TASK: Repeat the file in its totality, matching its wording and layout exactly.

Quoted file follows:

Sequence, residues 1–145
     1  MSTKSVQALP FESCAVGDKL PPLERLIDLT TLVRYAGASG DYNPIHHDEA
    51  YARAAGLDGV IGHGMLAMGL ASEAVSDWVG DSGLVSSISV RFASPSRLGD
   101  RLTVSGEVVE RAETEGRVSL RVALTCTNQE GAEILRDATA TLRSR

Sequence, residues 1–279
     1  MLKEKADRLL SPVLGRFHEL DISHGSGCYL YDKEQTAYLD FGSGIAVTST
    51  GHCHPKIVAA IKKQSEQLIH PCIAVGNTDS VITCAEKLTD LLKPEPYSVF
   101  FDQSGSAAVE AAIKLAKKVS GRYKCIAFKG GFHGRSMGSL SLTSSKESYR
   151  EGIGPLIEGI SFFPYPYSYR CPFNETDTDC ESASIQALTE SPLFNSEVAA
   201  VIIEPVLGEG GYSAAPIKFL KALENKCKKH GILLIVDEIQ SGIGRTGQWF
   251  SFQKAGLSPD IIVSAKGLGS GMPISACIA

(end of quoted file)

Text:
Sequence, residues 1–145
     1  MSTKSVQALP FESCAVGDKL PPLERLIDLT TLVRYAGASG DYNPIHHDEA
    51  YARAAGLDGV IGHGMLAMGL ASEAVSDWVG DSGLVSSISV RFASPSRLGD
   101  RLTVSGEVVE RAETEGRVSL RVALTCTNQE GAEILRDATA TLRSR

Sequence, residues 1–279
     1  MLKEKADRLL SPVLGRFHEL DISHGSGCYL YDKEQTAYLD FGSGIAVTST
    51  GHCHPKIVAA IKKQSEQLIH PCIAVGNTDS VITCAEKLTD LLKPEPYSVF
   101  FDQSGSAAVE AAIKLAKKVS GRYKCIAFKG GFHGRSMGSL SLTSSKESYR
   151  EGIGPLIEGI SFFPYPYSYR CPFNETDTDC ESASIQALTE SPLFNSEVAA
   201  VIIEPVLGEG GYSAAPIKFL KALENKCKKH GILLIVDEIQ SGIGRTGQWF
   251  SFQKAGLSPD IIVSAKGLGS GMPISACIA